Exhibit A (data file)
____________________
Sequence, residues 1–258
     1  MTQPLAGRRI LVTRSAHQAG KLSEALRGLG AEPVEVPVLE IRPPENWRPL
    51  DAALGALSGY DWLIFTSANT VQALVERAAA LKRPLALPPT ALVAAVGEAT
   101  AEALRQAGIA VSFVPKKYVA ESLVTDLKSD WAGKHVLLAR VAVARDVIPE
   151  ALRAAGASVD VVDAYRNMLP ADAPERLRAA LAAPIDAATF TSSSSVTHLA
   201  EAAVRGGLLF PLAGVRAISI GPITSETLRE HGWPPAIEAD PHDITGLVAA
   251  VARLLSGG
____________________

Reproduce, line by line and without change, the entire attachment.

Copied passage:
Sequence, residues 1–258
     1  MTQPLAGRRI LVTRSAHQAG KLSEALRGLG AEPVEVPVLE IRPPENWRPL
    51  DAALGALSGY DWLIFTSANT VQALVERAAA LKRPLALPPT ALVAAVGEAT
   101  AEALRQAGIA VSFVPKKYVA ESLVTDLKSD WAGKHVLLAR VAVARDVIPE
   151  ALRAAGASVD VVDAYRNMLP ADAPERLRAA LAAPIDAATF TSSSSVTHLA
   201  EAAVRGGLLF PLAGVRAISI GPITSETLRE HGWPPAIEAD PHDITGLVAA
   251  VARLLSGG